Tennis, rock climbing, half-marathons and other sports activities have filled Amy Saffell’s calendar since she was a young child. Opportunities to participate were plentiful in her native Atlanta, Georgia, but when she moved to Tennessee after graduating college, she found that some kids didn’t have the same experience.
Independence and community are found through adaptive sports. Photo courtesy of ABLE Youth.
Saffell plays adaptive sports for those with physical disabilities. She has spina bifida and has always used a wheelchair. Many people with similar disabilities struggle to find sports leagues they can join, but when they do, they find much more than fun – they discover a source of support, community, mentorship and empowerment.
“A lot of parents just don’t know what’s out there in terms of adaptive sports. Or in terms of their kid’s capability and being independent,” Saffell says.
Independence through adaptive sports
Saffell began volunteering for ABLE Youth, a non-profit organization where children are taught to Adapt, Believe, Love and Enjoy life; she then became the executive director in 2016.
ABLE Youth programs can benefit kids as young as two years old. Photo courtesy of ABLE Youth.
She explains, “Special Olympics is for kids with intellectual disabilities but our kids only have physical disabilities. Our organization is the only of its kind in Tennessee. … We help kids learn to be independent using adaptive sports as a motivating catalyst for that.
“Our ultimate goal is to see kids learn to be independent, but a lot of times they think, ‘Well, what for? What can I do with my life?’ We help them learn how much they can do. That helps them see: ‘There is a path forward for me to play sports, to do recreational activities, to have a job, to go to college or live independently.’”
How to be more inclusive of those with physical disabilities
Amy Saffell shares these suggestions:
- Don’t insist upon helping someone. For example, pushing someone’s wheelchair not only takes away their autonomy, it can also put them in unsafe situations. Ask if someone would like help and accept their answer.
- Focus on accessibility. Ensure that everyone who would like to participate in church events and activities has the chance to do so. If you are unsure if this is the case, simply ask someone with a physical disability how they feel about the space and the plans you’ve made.
- Invite people with physical disabilities to lead worship and other ministries. You should also ask them to serve on committees and planning teams so that they can voice their ideas about how accessibility can be prioritized.
- Don’t force people with physical disabilities to align with your plans. While it’s helpful to have a wheelchair-specific area in the sanctuary, for example, allow people the freedom to sit wherever they’d like. Segregating them from friends or family members is counterproductive.
- Don’t make assumptions. Preconceived notions and biases hurt ourselves, our communities and our siblings in Christ who we don’t truly know. Make connections, nurture relationships and learn from each other.
Learn more and find resources from the Disability Ministries Committee of The United Methodist Church.
Saffell doesn’t spend a lot of time on the sidelines. “There are a lot of things that I get to do alongside our kids because they need people who’ve been where they are and who look like them to be able to emulate,” she says.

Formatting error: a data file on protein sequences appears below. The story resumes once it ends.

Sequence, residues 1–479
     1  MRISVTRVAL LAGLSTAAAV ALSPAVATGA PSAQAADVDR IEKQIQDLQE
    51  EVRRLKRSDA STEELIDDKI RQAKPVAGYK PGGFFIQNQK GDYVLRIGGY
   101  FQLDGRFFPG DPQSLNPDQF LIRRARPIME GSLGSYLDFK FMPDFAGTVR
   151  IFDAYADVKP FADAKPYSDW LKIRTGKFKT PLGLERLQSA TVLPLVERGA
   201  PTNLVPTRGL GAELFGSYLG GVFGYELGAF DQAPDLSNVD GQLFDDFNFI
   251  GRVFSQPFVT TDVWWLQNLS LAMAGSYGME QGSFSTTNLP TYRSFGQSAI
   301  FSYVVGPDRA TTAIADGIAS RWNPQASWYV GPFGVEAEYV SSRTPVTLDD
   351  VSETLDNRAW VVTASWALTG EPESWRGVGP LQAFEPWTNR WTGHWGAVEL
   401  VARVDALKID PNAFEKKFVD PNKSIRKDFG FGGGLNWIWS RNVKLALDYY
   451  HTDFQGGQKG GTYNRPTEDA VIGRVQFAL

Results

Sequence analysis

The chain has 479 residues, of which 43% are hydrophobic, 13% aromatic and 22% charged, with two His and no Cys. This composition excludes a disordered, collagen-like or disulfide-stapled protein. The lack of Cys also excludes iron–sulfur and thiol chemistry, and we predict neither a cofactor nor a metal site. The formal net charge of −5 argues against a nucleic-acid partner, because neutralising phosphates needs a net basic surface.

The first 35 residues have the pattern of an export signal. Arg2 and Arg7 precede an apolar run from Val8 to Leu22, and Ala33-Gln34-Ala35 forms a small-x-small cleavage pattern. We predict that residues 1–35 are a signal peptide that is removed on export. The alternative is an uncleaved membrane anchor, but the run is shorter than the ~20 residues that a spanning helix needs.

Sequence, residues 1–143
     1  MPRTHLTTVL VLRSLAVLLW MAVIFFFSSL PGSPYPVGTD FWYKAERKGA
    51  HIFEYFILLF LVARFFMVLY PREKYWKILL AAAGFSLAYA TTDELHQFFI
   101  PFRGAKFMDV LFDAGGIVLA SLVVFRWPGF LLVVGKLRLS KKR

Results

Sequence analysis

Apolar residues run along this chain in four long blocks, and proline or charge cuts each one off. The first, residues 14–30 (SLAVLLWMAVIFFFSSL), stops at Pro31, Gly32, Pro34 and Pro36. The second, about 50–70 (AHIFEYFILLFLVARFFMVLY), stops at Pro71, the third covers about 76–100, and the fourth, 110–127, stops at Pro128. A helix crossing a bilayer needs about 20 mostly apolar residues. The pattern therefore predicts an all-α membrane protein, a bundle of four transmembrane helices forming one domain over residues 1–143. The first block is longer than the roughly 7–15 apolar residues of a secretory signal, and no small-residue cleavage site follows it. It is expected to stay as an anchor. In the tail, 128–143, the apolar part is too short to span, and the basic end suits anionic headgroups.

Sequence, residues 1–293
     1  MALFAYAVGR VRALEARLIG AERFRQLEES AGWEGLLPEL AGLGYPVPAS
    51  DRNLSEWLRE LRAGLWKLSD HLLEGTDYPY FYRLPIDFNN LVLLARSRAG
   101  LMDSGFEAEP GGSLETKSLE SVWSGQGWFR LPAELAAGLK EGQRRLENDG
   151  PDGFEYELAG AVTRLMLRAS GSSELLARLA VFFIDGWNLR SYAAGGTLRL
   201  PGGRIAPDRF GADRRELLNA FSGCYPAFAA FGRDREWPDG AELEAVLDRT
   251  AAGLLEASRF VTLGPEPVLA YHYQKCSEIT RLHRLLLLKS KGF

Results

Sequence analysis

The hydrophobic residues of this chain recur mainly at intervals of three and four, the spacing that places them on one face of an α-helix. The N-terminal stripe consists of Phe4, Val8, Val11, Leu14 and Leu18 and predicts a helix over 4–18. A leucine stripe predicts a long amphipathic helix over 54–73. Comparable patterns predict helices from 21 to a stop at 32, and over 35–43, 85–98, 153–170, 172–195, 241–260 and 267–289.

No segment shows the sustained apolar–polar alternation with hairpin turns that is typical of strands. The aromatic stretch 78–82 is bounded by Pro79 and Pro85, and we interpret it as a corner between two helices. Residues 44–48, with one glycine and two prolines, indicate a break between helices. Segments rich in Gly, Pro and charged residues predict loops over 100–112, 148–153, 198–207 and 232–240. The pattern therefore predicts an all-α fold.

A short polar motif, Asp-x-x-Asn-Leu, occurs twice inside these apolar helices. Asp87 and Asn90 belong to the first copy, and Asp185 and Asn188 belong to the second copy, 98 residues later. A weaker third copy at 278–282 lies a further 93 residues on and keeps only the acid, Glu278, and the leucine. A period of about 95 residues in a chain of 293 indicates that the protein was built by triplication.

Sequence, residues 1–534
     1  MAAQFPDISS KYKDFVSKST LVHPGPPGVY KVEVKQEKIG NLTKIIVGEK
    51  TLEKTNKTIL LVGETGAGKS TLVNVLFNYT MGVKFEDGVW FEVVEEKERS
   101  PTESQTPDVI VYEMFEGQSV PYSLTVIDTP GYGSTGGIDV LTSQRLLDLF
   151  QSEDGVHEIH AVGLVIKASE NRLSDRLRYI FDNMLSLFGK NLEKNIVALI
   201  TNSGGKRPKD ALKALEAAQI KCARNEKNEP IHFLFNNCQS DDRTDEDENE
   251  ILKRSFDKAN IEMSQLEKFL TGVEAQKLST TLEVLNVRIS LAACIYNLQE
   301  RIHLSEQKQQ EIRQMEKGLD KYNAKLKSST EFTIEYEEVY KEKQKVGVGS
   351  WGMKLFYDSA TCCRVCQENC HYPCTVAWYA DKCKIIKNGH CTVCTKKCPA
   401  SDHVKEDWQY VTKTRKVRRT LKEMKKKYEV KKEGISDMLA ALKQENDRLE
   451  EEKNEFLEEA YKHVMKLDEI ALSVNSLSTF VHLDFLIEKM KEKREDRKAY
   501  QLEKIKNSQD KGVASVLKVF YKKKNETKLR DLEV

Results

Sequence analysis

Kids as young as two can join ABLE Youth, and many continue through high school graduation, when the program helps them transition into their next phase of life. Older kids often serve as mentors, teaching the younger kids new things.
“I love getting them younger because that means they’ll learn what they can do before anyone tells them that they can’t.” – Amy Saffell, executive director of ABLE Youth
ABLE Youth also offers an independence camp for kids over ten years old. They learn how to do household chores, such as washing dishes and making their bed. Saffell elaborates, “Those are things they need to know how to do and that they can do, they just have to be taught how to do it because the way that they do it will be different than their parents and their siblings and their friends, but their ability to do it is still there.”
The importance of a warm welcome
Also a lifelong United Methodist, Saffell is an active member and volunteer at Christ United Methodist Church in Franklin, Tennessee.
“I think people may have the misconception that because I use a wheelchair and have a disability that my life is sometimes more challenging than other people, and I don’t think that’s true,” shares Saffell. “I think that everybody’s life is challenging, it’s just what your challenges are and what different obstacles you face. I think we all need a place to go to find strength and peace and understanding, and for me, church has been a great place to find that.”
During Saffell’s first visit to Christ UMC, the pastor invited her to be involved in leading worship or in other ministry areas. The pastor was quick to admit the current sanctuary wasn’t equipped with a ramp leading to the pulpit area, but a new sanctuary was under construction, with more accessibility in place.
“That was so empowering to me, to be able to find a church that was welcoming – intentionally welcoming,” Saffell says. “He came up to me, sought me out, and said, ‘We want you here, we want you to be involved.’ That was really great.
“I am really grateful for my church and really grateful for all of the people I’ve met there. I have found it to be a place where I can feel like I belong and that other people are happy to be there to support me personally and ABLE Youth.”
Laura Buchanan works for UMC.org at United Methodist Communications. Contact her by email.
This story was published on March 6, 2023.